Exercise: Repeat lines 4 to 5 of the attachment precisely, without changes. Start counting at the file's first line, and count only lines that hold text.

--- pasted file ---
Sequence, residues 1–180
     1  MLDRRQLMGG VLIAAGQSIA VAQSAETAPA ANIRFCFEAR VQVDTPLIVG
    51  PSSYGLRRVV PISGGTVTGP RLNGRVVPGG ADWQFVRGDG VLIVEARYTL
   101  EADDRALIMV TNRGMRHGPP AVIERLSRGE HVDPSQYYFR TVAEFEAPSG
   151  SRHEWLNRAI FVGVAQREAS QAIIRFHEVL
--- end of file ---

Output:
   101  EADDRALIMV TNRGMRHGPP AVIERLSRGE HVDPSQYYFR TVAEFEAPSG
   151  SRHEWLNRAI FVGVAQREAS QAIIRFHEVL